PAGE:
Doing these things reliably is currently “The critical path for us,” says Blankespoor. However, so is building up for serial production. According to Blankespoor, between their prototype and the ready-to-market version they are finalising now, “every part has been totally redesigned for manufacturability, for reliability, and for higher performance.”
Once Stretch launches and complements their Pick computer vision solution, it will mark a key chapter in the company’s transition from experimenting with robots to patrol alongside soldiers to working within warehouses.
Most of the people we talked to are just really struggling to hire fast enough to support the growth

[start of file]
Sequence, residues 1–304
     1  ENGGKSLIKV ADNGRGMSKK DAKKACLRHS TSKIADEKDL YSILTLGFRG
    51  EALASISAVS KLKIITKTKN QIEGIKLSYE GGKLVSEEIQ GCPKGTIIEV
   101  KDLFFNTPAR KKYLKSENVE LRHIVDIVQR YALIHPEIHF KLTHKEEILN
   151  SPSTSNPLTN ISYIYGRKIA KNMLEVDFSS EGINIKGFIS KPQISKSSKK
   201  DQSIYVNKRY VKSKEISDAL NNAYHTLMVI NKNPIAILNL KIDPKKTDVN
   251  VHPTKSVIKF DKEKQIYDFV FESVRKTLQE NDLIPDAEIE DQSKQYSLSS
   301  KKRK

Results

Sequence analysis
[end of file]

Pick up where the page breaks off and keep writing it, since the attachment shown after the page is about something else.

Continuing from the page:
The past is replete with technologies once funded by US defence spending, but are now deeply embedded in private, civilian companies. Modern computing, GPS, the internet, and voice recognition all have origins in defence projects, as do many more. Will Boston Dynamics’ logistics robots join this illustrious list?
Blankespoor is confident, estimating that there are “500 billion boxes a year,” being moved manually, but “most of the people we talked to are just really struggling to hire fast enough to support the growth that's affiliated with that.” The “people that run distribution centres and fulfilment centres can't keep up in terms of hiring.” If Boston Dynamics can grab just a small slice of that then they stand a very good chance of making the jump.